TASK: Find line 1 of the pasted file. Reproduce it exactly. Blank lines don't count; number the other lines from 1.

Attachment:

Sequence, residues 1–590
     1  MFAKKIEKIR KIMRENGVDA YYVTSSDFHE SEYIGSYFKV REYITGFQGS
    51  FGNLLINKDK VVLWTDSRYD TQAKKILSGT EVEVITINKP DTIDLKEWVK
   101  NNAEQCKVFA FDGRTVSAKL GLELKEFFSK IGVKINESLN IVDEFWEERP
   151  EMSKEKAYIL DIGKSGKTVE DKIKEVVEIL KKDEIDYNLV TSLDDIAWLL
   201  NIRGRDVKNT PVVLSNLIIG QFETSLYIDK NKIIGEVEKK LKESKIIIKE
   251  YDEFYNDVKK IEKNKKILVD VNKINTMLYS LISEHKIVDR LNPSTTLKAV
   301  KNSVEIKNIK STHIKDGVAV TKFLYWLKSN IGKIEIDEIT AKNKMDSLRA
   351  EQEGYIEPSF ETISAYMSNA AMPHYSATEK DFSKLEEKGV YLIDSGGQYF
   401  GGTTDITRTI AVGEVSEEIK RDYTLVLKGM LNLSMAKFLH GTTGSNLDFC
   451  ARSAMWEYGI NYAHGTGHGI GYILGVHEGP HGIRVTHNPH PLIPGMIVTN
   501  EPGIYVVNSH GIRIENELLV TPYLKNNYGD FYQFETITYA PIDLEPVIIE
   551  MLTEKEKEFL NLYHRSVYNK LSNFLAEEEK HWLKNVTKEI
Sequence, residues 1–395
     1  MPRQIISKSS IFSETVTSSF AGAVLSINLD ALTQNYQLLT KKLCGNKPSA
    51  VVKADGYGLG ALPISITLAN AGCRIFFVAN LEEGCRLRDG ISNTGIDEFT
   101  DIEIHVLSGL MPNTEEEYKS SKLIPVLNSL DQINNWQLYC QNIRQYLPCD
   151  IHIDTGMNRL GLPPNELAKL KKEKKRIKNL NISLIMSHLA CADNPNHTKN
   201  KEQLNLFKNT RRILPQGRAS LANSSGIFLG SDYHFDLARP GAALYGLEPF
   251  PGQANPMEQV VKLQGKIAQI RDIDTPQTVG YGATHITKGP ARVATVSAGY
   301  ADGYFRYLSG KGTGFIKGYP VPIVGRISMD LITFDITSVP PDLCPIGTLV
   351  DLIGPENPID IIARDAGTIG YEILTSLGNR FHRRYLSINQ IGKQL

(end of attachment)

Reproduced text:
Sequence, residues 1–590